Never thought about that until you brought that up.

Keith Tanner
Keith Tanner GRM+ Memberand MegaDork
1/30/21 11:15 a.m.

I think you can set up helicals to have different behavior under braking. 

Porsche apparently used to run spools in the 956 for durability.

Olemiss540
Olemiss540 Reader
1/30/21 12:26 p.m.
dps214 said:
akylekoz said:

I just ordered a Torsen after mich research.

What comes stock with Torsen diffs.

Boss 302 Mustang

Camaro ZL1, Z28

Miata

Cars that we’re meant to turn.  

What comes with plate style LSD?

Cars that want to launch in a straight line.

With a clutch style when throttle is applied the clutches grab, both tires try to do the same thing, this pushes the car straight.

Helical LSD will transfer power to the wheel with traction and help the car to turn to the inside.

Simplified but basically if you prefer for your car to help you turn get a gear style.

 

You'll have to tell Porsche that their cars are only meant to go straight. They've been using clutch diffs since whenever they started putting LSDs in their cars. Now granted, when you put the engine in the right place, you barely need a diff, so they're not super aggressive and have very little preload (and are often more aggressive on decel lockup than accel, to keep the rear end in line under braking). A well built and tuned clutch diff can do amazing things. If you're looking for an easy button off the shelf option, torsen is the way to go.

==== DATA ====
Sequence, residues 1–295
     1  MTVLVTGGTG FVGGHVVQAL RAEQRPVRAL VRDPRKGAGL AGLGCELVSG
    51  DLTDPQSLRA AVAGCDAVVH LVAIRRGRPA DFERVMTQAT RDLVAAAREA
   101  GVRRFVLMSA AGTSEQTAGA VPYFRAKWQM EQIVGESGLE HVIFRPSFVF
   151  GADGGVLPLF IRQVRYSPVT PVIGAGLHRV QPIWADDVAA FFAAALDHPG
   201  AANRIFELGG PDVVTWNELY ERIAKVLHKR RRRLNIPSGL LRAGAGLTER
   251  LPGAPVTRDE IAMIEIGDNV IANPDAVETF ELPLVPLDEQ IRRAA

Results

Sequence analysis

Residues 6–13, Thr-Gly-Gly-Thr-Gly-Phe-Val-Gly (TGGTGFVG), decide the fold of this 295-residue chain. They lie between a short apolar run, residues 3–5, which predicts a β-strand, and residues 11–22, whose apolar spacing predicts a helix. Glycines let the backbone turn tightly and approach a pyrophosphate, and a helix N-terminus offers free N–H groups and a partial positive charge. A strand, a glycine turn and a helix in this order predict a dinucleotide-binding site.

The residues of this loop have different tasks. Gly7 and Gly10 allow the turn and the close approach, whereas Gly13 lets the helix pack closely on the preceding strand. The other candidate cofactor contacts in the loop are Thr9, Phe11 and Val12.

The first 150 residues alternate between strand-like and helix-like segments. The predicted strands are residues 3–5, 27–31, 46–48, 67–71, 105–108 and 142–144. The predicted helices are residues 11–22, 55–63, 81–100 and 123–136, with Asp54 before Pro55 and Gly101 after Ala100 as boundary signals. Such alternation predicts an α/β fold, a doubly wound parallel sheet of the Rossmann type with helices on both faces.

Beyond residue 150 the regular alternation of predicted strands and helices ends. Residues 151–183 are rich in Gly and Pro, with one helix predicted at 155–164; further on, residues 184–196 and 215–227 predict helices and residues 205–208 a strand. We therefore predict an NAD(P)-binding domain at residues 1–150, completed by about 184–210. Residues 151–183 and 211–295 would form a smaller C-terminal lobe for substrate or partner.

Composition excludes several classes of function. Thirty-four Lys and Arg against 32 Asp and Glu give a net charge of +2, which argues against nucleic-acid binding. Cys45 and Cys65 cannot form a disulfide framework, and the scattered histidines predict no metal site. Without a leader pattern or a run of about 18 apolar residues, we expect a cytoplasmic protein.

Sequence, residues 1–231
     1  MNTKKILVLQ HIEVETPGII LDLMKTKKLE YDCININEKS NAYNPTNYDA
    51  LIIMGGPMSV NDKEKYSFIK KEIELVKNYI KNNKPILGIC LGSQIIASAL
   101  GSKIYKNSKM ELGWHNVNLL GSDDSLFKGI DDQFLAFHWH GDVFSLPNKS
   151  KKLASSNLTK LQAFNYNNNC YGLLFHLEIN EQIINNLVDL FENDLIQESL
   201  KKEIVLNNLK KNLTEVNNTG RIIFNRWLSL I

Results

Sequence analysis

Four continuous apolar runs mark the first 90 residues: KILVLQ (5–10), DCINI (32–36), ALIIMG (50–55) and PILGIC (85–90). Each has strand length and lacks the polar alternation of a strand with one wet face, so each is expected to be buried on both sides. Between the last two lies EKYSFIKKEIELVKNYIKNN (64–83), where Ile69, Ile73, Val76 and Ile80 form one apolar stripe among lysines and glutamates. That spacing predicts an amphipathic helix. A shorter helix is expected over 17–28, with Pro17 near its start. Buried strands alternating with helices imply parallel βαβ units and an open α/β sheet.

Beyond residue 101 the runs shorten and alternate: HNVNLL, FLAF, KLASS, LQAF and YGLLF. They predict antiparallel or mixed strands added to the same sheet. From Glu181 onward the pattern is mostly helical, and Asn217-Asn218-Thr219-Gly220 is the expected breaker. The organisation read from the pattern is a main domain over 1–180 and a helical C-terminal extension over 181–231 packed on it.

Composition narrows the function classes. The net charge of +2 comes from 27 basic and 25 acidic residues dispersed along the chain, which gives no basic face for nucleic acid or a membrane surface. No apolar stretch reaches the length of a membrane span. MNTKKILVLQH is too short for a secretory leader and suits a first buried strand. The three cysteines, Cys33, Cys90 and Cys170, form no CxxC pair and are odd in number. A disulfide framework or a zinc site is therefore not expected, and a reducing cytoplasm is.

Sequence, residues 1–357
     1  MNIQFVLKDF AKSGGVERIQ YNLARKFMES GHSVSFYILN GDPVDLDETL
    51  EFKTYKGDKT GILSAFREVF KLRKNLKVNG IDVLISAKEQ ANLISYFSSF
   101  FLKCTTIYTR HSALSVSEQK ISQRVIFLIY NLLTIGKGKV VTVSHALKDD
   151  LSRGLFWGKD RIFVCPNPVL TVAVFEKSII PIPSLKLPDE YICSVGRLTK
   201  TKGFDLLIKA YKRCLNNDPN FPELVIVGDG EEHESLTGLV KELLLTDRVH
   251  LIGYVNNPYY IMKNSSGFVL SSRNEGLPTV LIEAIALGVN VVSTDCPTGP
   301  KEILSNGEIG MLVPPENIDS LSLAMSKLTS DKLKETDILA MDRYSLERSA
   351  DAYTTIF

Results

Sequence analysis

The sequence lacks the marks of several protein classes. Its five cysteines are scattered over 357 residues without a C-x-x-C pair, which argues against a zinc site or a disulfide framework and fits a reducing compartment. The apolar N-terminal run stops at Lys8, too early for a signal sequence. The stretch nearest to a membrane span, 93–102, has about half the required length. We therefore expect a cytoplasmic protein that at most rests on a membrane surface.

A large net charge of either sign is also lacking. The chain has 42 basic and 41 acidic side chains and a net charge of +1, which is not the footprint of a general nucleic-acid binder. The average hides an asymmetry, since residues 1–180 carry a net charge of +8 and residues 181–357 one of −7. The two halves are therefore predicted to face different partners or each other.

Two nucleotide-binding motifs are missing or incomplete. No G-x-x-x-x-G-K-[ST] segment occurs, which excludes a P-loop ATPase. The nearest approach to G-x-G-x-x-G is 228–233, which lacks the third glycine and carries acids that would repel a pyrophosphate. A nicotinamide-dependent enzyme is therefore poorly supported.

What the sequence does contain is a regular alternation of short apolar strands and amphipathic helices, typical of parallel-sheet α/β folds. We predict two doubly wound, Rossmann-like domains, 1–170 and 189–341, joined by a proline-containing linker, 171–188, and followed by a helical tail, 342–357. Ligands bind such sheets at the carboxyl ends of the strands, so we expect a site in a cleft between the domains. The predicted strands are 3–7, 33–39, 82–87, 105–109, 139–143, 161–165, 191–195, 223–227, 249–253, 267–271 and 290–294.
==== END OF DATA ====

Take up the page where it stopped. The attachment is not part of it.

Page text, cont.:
And also tell.... Wait for it...... Wait for it.....

 

BMW. Who also used clutch based differentials on some of the most renowned drivers cars of all times.

dps214
dps214 HalfDork
1/30/21 1:47 p.m.

In reply to Olemiss540 :

I thought that was the case, but wasn't as confident on that one so I didn't mention it. FWIW I have no personal experience, but in autocross applications BMWs seem to benefit the most from fancy clutch diffs. Or at least they're the most frequent application...that could be correlation not causation. I have a friend that's building a semi-serious STX 128i and is putting a clutch diff in it, for whatever that's worth.

Tom1200
Tom1200 SuperDork
1/30/21 3:27 p.m.

Count me in the clutch LSD camp. On my Datsun I set the thing up as loose as possible. This seems to negate the turn on understeer.

Snrub
Snrub Dork
1/30/21 9:42 p.m.

What about the conical clutch type diffs in the NC, RX-8 and ND?

djsilver (Forum Supporter)
djsilver (Forum Supporter) Reader
1/30/21 9:48 p.m.

Anything that keeps the rear wheels close to the same speed will affect turn in.  My S2k has a helical diff and I can let off the gas around a curve and the car will turn in by itself.  It's a matter of degree.  I ran an S15 helical in a 240sx and it worked well, but had to drop the rear sway bar to keep both wheels on the ground.  The clutch diff works better in a car when you have enough power to steer it with the loud pedal.

Pete. (l33t FS)
Pete. (l33t FS) MegaDork
1/30/21 10:05 p.m.

In reply to djsilver (Forum Supporter) :